At the second Summit for Democracy, a broad coalition of countries and civil society organizations called for a global renewal of a core pillar of democracy–the rule of law. The best way to do so, they said in a joint statement, is to rebuild citizen trust by embracing people-centered justice.
More than 5 billion people are caught up in a massive global justice gap, according to research by the World Justice Project (WJP). That includes over 4 billion people who can’t access basic protections the law allows, and 1.5 billion people who cannot solve their legal problems–whether criminal, civil, or administrative–through the justice system.
“If left untreated, people’s unresolved legal problems may give way to growing social frustrations and unrest, thereby exacerbating tensions and conflicts within societies,” says the joint statement, which cites WJP’s justice gap research.
The statement also warns that rising authoritarianism, corruption, climate change, and COVID have all compounded the global rule of law recession, citing WJP Rule of Law Index data that 4.4 billion people live in countries where rule of law is declining.
Closing the gap at home as well as around the world
The Joint Statement and Call to Action on the Rule of Law and People-Centered Justice is signed by 10 countries—Canada, Colombia, Dominican Republic, Finland, Germany, Kosovo, Netherlands, Senegal, United States and United Kingdom—as well as WJP; Pathfinders for Peaceful, Just and Inclusive Societies (Pathfinders); and 13 other national and international organizations.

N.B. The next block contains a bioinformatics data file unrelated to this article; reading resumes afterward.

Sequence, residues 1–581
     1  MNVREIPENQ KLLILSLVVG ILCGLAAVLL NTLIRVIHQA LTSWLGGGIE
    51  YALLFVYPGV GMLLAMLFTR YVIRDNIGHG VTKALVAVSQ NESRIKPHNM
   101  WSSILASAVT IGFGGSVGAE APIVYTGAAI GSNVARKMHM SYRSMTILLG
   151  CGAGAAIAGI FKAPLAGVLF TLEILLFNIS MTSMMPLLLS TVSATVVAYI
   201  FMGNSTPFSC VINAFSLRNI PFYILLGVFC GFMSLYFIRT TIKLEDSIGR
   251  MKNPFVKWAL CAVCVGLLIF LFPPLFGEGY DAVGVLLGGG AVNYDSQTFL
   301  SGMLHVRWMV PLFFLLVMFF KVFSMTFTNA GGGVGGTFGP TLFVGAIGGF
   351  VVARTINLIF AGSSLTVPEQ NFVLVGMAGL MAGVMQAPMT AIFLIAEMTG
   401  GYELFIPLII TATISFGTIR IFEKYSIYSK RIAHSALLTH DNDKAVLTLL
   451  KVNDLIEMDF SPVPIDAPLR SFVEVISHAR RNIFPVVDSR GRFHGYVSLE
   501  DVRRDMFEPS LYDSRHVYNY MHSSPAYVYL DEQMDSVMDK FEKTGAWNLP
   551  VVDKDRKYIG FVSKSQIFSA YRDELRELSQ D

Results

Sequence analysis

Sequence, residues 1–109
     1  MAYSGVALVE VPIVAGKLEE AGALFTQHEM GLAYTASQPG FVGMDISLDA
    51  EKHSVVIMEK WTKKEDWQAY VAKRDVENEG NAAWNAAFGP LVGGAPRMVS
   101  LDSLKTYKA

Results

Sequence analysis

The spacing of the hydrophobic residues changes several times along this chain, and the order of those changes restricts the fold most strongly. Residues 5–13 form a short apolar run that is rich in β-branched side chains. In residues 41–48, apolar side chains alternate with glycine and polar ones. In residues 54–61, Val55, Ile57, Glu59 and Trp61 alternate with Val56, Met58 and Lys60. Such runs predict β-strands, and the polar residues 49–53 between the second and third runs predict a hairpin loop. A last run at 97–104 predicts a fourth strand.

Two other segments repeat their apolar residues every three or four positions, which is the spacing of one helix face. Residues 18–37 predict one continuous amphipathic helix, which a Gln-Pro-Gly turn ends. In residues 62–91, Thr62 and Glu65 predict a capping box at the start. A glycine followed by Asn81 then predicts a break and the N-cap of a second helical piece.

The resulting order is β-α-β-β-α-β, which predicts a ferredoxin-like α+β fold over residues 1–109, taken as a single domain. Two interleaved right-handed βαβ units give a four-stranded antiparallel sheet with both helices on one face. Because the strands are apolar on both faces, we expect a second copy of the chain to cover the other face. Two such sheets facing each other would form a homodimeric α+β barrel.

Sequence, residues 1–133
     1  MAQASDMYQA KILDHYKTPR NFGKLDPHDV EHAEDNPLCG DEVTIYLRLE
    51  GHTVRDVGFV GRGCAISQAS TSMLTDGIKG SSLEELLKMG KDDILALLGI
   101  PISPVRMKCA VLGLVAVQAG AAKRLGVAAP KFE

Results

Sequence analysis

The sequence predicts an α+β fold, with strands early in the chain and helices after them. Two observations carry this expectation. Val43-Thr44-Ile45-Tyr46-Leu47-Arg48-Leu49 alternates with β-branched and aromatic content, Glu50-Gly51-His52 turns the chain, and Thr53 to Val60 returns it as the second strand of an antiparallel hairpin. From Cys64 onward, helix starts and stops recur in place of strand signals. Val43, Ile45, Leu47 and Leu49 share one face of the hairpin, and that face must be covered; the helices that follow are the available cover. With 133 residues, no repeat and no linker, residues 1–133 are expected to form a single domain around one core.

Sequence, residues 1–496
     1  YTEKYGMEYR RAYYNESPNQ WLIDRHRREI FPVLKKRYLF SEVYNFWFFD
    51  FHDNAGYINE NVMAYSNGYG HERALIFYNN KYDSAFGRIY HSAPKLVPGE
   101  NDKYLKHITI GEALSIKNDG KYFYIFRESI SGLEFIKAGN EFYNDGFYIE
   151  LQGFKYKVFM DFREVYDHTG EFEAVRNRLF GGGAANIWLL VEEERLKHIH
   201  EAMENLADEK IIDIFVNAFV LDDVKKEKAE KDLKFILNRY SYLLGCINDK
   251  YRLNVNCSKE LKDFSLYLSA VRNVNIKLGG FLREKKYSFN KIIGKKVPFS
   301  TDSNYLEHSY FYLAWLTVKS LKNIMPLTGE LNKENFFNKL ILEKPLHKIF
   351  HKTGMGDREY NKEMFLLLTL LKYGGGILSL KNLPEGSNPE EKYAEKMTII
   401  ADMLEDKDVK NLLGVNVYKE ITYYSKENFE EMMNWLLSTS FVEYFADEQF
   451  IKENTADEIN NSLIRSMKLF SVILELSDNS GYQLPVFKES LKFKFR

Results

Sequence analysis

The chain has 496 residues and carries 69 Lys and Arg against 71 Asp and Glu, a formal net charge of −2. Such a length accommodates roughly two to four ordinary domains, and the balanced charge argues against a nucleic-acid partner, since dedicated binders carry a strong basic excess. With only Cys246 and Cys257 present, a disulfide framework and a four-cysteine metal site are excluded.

Next week, the U.S. Agency for International Development (USAID) will formally announce that people-centered justice will be at the heart of its new rule of law policy. At the Summit’s rule of law event, a U.S. Justice Department official said the U.S. government is also committed to advancing a people-centered approach to expanding access to justice at home.
The United States currently ranks 115 out of 140 countries in the WJP Rule of Law Index when it comes to affordability and accessibility of civil justice.
What is people-centered justice?
The joint statement describes people-centered justice as placing “the people and communities affected by the law, whether in civil, criminal, or administrative matters, at the core of the policies, processes, and practices that provide a foundation for justice systems.”
WJP Executive Director Elizabeth Andersen heralded USAID’s adoption of people-centered justice in its long-awaited rule of law policy, adding “It’s time to #democratizejustice!”
At the Summit for Democracy event, USAID and others acknowledged that, for decades, a top-down philosophy has dominated rule of law development. That approach has often prioritized the perspectives and needs of traditional justice institutions, rather than identifying people’s actual legal needs first and then developing the most strategic approaches to address them.
As WJP, Pathfinders, and the OECD wrote in the 2021 paper Grasping the Justice Gap:
Many justice needs are common across regions and countries, including problems with housing and land, money and debt, public services, family, and employment. Justice problems have significant individual, community, and societal costs, with disproportionate impacts falling on marginalized and vulnerable groups including women, children, and persons with disabilities.
A data-driven approach to five core principles
The joint statement embraces that paper’s call for the strategic use of robust data to drive people-centered justice policy making, and it endorses five principles of people-centered justice:
The Summit for Democracy's Rule of Law and People-Centered Justice Cohort was led by Dominican Republic, Kosovo, Pathfinders, the American Bar Association Rule of Law Initiative, Transparency International, and WJP.